A brief description of any light emitting diode (LED) lighting employed by the institution:

Colorado College has installed both interior and exterior LED lighting technology in many areas across campus, which include the following: the walkway lighting for Packard Hall, the walkway lighting for the Tiger Trail steps to Stewart Field, the walkway pole lighting for Cutler walkway to Cascade, the walkway pole lighting at the intersection south of Tutt Library, the exterior door lighting north side of Cossitt Hall, and the interior main hallway lighting Cossitt Hallway. The entire interior and exterior of the Spencer Center, which was undergoing renovations until August of 2014, is now lit by LED's. CC has newly installed LED lights in the Honnen Ice Arena, Schlessman Pool, Cossitt rooms, the El Pomar auxillary gyms, the El Pomar racquetball courts, and in many of the exterior walkway lights around campus.

A brief description of any occupancy and/or vacancy sensors employed by the institution:

Colorado College employs various occupancy sensor applications to manage occupancy and/or vacancy sensors. There are currently motion sensors that facilitate lighting in Barnes Science Center, Tutt Science Center, the Mathias Residence Hall bathrooms, and the Palmer Hall classrooms and bathrooms. Recently, the College integrated motion and thermal sensing to adjust air changes in campus laboratories.

A brief description of any passive solar heating employed by the institution:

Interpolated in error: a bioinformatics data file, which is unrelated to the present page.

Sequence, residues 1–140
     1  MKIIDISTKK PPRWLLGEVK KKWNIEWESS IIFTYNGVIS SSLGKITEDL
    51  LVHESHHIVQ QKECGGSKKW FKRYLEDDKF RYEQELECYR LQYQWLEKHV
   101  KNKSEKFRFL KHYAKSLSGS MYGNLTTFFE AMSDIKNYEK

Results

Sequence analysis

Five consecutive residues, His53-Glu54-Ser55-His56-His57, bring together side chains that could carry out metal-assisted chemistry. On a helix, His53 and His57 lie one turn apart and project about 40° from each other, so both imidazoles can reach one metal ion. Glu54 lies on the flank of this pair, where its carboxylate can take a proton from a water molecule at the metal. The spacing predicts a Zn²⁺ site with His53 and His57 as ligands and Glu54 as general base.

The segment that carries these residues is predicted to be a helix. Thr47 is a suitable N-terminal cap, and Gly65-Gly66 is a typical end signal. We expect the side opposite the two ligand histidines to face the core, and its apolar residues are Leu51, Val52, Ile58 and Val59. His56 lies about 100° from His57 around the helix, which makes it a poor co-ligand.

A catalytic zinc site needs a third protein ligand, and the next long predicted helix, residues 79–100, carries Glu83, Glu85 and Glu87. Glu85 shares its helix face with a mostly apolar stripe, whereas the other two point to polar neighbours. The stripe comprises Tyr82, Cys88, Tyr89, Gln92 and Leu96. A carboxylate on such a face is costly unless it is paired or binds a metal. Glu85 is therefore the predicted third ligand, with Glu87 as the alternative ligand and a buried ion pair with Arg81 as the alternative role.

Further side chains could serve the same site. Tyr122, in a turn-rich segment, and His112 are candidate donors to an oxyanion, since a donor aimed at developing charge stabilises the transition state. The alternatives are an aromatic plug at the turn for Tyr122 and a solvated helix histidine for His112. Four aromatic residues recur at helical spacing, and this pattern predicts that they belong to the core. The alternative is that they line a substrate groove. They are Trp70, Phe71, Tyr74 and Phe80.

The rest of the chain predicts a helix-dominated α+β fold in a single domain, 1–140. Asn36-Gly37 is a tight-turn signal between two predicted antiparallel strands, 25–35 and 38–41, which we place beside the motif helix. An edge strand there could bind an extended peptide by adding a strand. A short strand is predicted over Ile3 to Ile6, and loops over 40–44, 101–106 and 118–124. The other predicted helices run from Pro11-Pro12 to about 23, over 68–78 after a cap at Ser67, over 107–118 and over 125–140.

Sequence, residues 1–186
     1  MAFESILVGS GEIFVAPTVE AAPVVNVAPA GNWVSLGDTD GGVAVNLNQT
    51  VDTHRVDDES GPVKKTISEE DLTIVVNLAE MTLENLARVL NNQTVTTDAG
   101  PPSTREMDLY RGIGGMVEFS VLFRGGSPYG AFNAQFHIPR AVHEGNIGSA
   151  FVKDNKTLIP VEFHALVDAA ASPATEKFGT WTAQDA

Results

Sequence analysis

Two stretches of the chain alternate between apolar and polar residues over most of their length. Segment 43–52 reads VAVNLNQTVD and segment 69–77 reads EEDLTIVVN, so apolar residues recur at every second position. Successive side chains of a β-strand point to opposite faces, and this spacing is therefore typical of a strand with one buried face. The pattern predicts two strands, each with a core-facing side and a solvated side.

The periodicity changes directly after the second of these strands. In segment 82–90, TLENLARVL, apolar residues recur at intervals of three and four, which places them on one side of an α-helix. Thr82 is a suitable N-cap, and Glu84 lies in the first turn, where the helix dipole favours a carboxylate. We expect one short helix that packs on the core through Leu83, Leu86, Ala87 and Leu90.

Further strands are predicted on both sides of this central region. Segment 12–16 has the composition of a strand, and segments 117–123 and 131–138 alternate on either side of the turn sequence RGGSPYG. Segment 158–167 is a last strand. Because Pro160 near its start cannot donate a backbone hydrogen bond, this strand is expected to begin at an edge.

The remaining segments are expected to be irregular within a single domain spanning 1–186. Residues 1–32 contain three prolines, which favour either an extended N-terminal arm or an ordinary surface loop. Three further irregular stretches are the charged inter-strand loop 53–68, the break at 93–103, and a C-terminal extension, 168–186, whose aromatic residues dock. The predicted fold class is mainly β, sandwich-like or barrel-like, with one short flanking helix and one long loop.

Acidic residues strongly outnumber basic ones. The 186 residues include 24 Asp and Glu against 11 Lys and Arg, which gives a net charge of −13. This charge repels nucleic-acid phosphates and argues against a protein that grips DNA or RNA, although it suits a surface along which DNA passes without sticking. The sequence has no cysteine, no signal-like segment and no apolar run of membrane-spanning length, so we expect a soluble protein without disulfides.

CC does employs passive solar heating with its solar thermal array on the roof of the Worner Student Center.

A brief description of any ground-source heat pumps employed by the institution:

CC employs a water-to-water heat pump system for the Spencer Center. The chilled water system acts as a heat sync, which in turn provides free heat for the building in the winter.

A brief description of any cogeneration technologies employed by the institution:

CC does not employ cogeneration technologies.

A brief description of any building recommissioning or retrofit program employed by the institution:

The college employs an Campus Energy Manager who holds a professional engineer license and who is certified through the Association of Energy Engineers as a Certified Building Commissioning Professional. The Campus Energy Manager performs ongoing building recommissioning throughout the campus. He also performs commissioning on the new and renovation projects.

A brief description of any energy metering and management systems employed by the institution: